7 Questions With…

Forbes Woman Africa
Published 7 years ago

Princess Charlene of Monaco, a former Olympic swimmer from South Africa, recently took center stage at the 2015 Princess Grace Awards in a stunning Christian Dior gown. At home, both she and her husband, Prince Albert of Monaco, dote on their twins, Princess Gabriella and Prince Jacques, who are due to celebrate their first birthday in December.

How have your priorities changed as a new mother?

I might say everything changed with the birth of our children. I am a hands-on mom and so my own schedule is determined by their needs. This commitment started even before they were born, when I was pregnant.

What life lessons would you impart to them?

It would be a mistake to limit these teachings to one’s own experiences. I believe first of all, no lesson stands as a substitute to personal experience. However, lessons retained by persons known for their wisdom are of great relevance. I am thinking of what I have learned from Nelson Mandela’s challenging life. As parents, what we convey to our children stems from one source – love.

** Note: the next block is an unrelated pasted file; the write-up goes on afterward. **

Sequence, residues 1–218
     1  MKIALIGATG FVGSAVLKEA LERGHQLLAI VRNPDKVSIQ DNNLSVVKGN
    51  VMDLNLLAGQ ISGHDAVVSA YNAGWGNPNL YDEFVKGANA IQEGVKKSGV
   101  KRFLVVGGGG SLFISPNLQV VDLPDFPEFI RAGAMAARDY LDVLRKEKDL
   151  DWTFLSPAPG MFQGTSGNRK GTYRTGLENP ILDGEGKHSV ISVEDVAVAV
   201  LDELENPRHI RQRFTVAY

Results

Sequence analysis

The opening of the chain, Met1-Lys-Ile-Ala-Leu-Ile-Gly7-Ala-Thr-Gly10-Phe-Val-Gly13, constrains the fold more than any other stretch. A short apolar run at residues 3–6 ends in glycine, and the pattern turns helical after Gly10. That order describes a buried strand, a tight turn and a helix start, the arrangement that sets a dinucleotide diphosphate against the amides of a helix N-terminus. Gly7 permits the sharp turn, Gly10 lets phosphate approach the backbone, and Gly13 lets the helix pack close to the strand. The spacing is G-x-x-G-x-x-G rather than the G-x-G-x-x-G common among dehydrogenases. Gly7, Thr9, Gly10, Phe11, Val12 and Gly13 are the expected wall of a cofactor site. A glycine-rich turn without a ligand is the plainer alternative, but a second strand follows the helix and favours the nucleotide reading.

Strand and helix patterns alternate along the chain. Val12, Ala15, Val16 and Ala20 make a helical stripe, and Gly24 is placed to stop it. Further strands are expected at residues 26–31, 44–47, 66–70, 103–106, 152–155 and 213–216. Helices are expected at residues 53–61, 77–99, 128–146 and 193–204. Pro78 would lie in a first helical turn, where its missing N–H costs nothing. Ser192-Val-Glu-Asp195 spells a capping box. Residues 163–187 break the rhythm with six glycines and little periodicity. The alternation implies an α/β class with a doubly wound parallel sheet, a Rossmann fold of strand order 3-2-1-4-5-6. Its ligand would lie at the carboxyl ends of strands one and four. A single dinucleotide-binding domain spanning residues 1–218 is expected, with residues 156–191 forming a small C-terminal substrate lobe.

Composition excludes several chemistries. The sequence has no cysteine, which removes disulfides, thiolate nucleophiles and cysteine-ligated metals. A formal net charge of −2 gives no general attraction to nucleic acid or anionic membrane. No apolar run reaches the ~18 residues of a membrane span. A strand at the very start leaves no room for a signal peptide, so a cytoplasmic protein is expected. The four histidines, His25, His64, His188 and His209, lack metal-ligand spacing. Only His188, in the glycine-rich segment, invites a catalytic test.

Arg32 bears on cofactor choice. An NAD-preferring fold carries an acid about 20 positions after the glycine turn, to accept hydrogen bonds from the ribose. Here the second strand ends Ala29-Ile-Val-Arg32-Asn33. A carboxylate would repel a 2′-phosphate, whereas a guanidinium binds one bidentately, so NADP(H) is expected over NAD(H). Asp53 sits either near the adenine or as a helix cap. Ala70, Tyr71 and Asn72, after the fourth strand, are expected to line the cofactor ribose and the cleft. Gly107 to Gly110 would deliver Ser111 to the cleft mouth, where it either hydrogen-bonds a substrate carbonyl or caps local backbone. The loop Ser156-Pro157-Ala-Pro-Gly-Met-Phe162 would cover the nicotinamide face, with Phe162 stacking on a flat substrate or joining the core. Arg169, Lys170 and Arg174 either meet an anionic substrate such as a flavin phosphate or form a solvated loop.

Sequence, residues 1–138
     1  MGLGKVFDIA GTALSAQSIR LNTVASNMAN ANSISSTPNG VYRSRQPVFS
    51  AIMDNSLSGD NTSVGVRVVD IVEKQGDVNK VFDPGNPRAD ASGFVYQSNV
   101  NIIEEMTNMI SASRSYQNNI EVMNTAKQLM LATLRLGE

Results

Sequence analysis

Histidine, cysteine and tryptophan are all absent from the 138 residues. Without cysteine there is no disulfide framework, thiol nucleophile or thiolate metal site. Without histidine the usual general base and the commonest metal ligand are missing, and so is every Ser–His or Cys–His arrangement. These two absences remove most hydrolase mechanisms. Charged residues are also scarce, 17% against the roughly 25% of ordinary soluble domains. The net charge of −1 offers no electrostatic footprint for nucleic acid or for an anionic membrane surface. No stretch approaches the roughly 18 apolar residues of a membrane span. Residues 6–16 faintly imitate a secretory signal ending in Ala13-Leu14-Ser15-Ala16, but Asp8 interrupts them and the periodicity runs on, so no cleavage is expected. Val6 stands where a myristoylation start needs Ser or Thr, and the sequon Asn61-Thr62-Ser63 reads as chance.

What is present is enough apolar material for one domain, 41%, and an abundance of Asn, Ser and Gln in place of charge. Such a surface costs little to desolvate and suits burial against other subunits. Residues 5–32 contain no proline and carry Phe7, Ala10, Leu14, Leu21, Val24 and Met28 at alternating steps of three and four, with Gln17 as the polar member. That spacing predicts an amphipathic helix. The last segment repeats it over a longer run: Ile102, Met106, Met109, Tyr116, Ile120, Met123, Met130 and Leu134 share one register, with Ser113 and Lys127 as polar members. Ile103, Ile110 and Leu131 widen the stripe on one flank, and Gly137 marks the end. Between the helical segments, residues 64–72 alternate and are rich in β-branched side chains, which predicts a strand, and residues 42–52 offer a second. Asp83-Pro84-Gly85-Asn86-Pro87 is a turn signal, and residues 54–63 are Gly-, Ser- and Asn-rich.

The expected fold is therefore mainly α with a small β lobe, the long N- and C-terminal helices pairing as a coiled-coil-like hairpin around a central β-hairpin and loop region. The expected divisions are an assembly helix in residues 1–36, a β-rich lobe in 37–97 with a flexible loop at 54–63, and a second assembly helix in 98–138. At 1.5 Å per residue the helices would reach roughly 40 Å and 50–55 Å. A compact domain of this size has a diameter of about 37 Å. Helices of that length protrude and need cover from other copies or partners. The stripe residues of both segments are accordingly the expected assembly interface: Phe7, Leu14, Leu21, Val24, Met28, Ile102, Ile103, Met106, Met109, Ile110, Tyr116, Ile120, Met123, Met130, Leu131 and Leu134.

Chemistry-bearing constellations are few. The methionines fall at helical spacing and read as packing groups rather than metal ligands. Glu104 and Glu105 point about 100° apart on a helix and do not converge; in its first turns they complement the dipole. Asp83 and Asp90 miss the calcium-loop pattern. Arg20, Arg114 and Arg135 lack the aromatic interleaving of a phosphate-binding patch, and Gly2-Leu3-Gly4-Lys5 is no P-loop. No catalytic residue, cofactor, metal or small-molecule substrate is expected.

It is reported that Princess Grace left a recipe book, which you now have – what is your favorite meal to cook?

Frankly, I have little time to enjoy cooking, as most of my time is taken by our children and by Palace and Foundation duties.

When you visit family in South Africa, what do you look forward to?

Everything! The air, the sounds, the noises, children’s laughter, people’s smiles, watching the Currie Cup! The ocean, the immense and endless fields in KwaZulu-Natal and the unbelievable sunsets.

How will you introduce South Africa to your children?

As their mom’s land of dreams, where anything is possible.

How do you juggle family, royal duties and your charity work under The Princess Charlene of Monaco Foundation?

My priority is caring for our children and this is a full-time job. As I said they are the boss now! Of course I do carry on with my various projects, especially those pertaining to my water safety initiative. This program is, I am pleased to mention, gathering speed around the world and I think this is an indication that learning to swim is imperative in saving lives, especially in emerging countries and among the poor and dispossessed.

As an ambassador for underprivileged children with a number of ‘learn-to-swim’ projects based in Africa under your foundation, how have you been able to make a difference?

The difference is simply in saving lives. We save lives every time we teach children how to swim and by giving them the tools to face the element of water – be it the ocean, rivers, lakes or swimming pools.